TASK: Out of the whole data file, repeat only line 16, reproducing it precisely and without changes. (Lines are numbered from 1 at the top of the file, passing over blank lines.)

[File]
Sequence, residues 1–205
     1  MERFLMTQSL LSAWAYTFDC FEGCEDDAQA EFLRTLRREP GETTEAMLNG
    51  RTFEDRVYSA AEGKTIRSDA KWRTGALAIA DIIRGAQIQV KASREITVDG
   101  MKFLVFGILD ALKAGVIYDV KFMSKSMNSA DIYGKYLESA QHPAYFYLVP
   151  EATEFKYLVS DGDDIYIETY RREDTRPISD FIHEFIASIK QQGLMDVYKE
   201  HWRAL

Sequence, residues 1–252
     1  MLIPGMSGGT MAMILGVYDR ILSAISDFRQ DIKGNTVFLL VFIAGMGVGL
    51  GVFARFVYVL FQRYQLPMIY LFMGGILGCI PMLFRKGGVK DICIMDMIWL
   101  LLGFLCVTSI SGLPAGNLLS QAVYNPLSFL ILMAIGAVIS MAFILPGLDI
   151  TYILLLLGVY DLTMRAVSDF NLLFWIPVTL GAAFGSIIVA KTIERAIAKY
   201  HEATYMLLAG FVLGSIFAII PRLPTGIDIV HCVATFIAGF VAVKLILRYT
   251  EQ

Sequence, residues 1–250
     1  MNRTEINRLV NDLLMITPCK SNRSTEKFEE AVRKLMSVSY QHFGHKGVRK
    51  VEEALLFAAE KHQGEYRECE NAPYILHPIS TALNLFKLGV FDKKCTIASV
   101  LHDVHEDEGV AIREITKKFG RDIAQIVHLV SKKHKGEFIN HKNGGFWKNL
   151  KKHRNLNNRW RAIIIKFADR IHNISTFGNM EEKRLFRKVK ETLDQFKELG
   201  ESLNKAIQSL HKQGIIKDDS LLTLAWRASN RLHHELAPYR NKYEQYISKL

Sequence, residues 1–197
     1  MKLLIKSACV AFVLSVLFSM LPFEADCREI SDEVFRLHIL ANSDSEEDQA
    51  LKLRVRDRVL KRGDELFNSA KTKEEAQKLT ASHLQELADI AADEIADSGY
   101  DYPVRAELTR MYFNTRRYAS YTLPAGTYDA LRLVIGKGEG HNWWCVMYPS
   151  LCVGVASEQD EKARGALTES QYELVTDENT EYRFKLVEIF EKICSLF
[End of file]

    51  VEEALLFAAE KHQGEYRECE NAPYILHPIS TALNLFKLGV FDKKCTIASV